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Rafael Antonio Ruiz
Kenneth Wayne Bradley
HECKLER is a comedic feature documentary exploring the increasingly critical world we live in. After starring in a film that was critically bashed, Jamie Kennedy takes on hecklers and critics and ask some interesting questions of people such as George Lucas, Bill Maher, Mike Ditka, Rob Zombie, Howie Mandel and many more. This fast moving, hilarious documentary pulls no punches as you see an uncensored look at just how nasty and mean the fight is between those in the spotlight and those in the dark. Written by
All You Need Is Hate
Written by Stewart Henderson, Emma Pollock, Paul Savage and Alun Woodward
Performed by The Delgados
Published by Chrysalis Songs (BMI)
Courtesy of Mantra/The Beggars Group See more »
A few years ago I wrote that the infamous Monkees' movie "Head" was an accidental masterpiece. Rereading that review recently, I realized that many people may have thought I was writing sarcastically, ironically. I was not. "Head" IS a masterpiece of cinema, even though it undoubtedly was not what the Monkees or the filmmakers intended, it is just so brilliantly put together that whatever the motivations, a real document of the '60s had been produced.
"Heckler," similarly, is a film that reaches way beyond its initial intentions. Filmed 'on the sly' (i.e., whenever they could arrange an interview) over a three year period, the film evolved from a 'behind-the-scenes' tour documentary into a study into the relationship between comics and their hecklers, into an essay on the problematic relationship between performing artists and their critics generally (especially those on the internet, such as at IMDb). This evolution marks its 'accidental' character - the filmmakers are not trying for depth, they find it because it is there, and demands attention.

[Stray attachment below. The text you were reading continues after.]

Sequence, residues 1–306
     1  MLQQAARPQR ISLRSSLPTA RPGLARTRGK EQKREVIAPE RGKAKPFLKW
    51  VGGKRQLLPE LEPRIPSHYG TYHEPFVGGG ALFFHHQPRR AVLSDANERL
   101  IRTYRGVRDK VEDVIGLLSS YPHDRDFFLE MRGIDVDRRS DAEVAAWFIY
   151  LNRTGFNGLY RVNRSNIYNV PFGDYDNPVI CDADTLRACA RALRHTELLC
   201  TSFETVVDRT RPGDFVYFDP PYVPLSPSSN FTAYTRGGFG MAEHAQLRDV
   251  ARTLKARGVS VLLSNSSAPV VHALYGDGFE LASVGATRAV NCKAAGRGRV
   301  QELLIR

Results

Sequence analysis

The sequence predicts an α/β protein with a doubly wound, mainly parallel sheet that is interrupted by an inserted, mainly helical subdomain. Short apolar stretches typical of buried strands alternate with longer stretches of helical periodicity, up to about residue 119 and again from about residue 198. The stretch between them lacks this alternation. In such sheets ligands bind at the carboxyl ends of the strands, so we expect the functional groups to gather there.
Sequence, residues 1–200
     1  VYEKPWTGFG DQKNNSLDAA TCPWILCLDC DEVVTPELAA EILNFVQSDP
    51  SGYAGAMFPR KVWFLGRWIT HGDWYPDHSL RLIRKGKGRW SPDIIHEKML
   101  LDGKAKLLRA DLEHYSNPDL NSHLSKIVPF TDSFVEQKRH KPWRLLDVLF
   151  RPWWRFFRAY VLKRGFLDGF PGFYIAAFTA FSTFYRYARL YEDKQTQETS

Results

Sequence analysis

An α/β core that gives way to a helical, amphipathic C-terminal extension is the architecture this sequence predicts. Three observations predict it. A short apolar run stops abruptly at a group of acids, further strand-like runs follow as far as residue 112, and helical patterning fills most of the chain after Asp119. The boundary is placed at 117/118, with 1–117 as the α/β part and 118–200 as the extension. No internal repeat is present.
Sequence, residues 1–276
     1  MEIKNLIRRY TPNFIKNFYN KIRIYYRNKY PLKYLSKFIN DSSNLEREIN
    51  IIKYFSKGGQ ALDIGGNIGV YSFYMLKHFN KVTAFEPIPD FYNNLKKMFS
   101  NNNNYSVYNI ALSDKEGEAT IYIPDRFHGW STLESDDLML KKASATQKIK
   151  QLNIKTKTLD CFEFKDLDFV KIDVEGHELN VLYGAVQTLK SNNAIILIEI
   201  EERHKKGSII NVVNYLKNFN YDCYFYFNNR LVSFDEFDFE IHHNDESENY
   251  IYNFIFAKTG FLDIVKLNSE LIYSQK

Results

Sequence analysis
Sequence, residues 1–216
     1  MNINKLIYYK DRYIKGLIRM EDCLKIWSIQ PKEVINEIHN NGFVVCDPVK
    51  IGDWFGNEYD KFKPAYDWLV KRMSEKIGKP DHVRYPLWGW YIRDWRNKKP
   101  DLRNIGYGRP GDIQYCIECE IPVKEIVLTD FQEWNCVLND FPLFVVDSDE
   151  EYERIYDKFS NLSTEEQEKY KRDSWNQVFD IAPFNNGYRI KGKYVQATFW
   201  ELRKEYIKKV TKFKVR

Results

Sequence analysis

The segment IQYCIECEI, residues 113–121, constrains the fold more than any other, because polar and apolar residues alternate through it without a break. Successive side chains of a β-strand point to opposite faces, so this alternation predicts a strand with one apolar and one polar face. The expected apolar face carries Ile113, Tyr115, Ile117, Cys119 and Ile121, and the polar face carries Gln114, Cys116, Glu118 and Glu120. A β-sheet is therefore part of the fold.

Some of this movie is funny, even hilarious, some even disturbing. As it should be. The film asks why we want to voice opinions of work that is solely intended to entertain us. Some of the answer to that is not pleasant to confront. Are we jealous of the more successful? Yet even the equally successful seem to have their opinions - why7 The film leaves the question with us, preferring to resolve the problem of how artists (of various genres) should deal with it (learn from it, burn it, move on).
I learned a lot from this movie. The cinematography is - well, anyone who could hold a camera and hit the record button did so. The editing is wonderful. There's no intrusive commentary except a handful of title cards. The people are real and captured in as real a manner as the present day (post 'reality TV) allows. It's just a brilliantly put together venture, however it came about.
My favorite part? - and I think the decisive moment of the film - Andrew Dice Clay's confrontation with a worm of a CNN commentator who had not the slightest idea what he was talking about, and then moved on to a story about Art Carney! You won't learn a lot about the mysteries of the universe, but you may learn something about yourself.
(2 BTW notes - (1. The dance towards the end is fascinating. 2. The 'bonus' material on the DVD is uniformly excellent.)
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